Reverend Ryder was a strong supporter of the Union cause during the Civil War. He agreed to travel to Richmond as an agent of the Sanitary Commission at the end of the war to collect material for the upcoming Sanitary Commission Fair, and while there discovered a famous letter used by the government in the Lincoln assassination trial.
Dr. Ryder was an eminently successful preacher and pastor, renown for his involvement in interests at home and in foreign missions. He was extremely shrewd in his financial investments, so that upon his death he was able to make generous bequests to the General Convention, Lombard University, St. Paul's Church Chicago, First Universalist Society Provincetown Mass., Illinois Universalist Convention, the Divinity Schools at St. Lawrence, Tufts, Lombard Buchtel College, and the Universalist Publishing House. He died in Chicago on March 7, 1888 in his 66th year.
This collection is open for research.
Some material in this collection may be protected by copyright and other rights. Please see "Reproductions and Use" on the Digital Collections and Archives website for more information about reproductions and permission to publish. No documentation is available regarding the intellectual property rights in this collection.
This collection was reprocessed in fall 2011 and spring 2012 by Susanne Belovari.
This collection is processed.
The Ryder Collection of Confederate Archives derives its name from its original collector, Reverend William H. Ryder, the Pastor of St. Paul's Church in Chicago. Ryder held this pastorate during the time that included the civil war. It was because of his work with the American Sanitary Commission, an agency not unlike the present-day Red Cross, that the Ryder Collection came to be.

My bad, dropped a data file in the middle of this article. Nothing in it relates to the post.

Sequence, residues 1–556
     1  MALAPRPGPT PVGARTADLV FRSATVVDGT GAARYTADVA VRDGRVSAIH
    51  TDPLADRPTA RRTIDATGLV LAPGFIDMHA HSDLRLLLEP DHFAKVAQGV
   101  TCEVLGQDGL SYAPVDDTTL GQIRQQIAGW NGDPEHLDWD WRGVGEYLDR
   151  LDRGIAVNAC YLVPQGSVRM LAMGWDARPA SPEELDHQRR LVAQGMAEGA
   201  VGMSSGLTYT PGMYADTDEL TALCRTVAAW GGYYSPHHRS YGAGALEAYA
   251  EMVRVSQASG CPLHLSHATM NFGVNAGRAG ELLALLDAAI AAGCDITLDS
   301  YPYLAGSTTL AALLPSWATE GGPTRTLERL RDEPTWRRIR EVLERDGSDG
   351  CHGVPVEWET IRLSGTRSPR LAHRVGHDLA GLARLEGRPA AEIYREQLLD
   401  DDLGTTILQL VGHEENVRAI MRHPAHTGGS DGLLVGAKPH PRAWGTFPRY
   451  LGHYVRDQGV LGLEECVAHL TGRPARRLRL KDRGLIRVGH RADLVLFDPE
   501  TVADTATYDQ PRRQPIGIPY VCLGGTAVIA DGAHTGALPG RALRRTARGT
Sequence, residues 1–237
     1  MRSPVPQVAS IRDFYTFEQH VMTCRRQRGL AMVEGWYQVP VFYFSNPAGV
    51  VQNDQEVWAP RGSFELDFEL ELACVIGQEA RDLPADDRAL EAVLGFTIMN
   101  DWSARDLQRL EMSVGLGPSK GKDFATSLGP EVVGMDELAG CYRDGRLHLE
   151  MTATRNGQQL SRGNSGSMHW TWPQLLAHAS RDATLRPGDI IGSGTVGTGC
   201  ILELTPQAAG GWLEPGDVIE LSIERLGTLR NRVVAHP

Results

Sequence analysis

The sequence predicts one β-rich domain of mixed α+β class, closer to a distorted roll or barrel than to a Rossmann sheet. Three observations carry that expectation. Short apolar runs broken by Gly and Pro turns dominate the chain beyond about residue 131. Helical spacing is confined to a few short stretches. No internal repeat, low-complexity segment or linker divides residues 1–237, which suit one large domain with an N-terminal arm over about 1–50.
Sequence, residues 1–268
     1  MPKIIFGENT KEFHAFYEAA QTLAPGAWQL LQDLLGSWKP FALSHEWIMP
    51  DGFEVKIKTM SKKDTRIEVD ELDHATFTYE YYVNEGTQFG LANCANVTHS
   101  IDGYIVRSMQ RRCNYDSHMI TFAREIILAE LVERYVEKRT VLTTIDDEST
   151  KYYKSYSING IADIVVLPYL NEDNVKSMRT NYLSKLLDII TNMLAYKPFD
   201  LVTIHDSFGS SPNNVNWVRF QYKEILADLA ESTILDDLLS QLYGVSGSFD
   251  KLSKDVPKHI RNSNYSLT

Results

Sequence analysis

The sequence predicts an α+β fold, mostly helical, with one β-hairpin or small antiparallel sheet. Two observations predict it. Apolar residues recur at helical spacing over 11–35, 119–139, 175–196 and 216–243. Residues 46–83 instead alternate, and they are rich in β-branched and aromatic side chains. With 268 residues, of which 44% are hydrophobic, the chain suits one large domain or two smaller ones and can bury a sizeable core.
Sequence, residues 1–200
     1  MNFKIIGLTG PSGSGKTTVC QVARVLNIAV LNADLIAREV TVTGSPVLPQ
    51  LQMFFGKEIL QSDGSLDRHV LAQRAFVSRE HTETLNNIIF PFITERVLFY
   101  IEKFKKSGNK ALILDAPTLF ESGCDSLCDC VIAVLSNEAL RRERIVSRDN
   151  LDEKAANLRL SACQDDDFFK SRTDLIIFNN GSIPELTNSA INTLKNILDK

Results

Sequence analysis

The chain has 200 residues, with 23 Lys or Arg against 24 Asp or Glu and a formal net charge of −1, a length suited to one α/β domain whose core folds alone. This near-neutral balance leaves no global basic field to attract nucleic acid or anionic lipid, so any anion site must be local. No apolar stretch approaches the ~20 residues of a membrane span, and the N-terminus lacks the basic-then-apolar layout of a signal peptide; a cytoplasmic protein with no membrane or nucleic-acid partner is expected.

In April of 1865, Ryder obtained permission to travel behind Confederate lines to engage in relief work on behalf of the Sanitary Commission. While engaged in this activity he also began to collect artifacts and other material for the upcoming North West Sanitary Fair to be held in Chicago. Since the Confederacy had collapsed only a few days before his arrival, Ryder found the capital at Richmond, Virginia in a state of considerable confusion. In the Capital building, documents were scattered over several of the office floors indicating the haste with which the place had been abandoned. Ryder gathered as many of these documents as he could handle and sent them back to the north. Upon Ryder's death, this collection was given to Tufts College, founded as a Universalist institution, as he was a clergyman of that faith.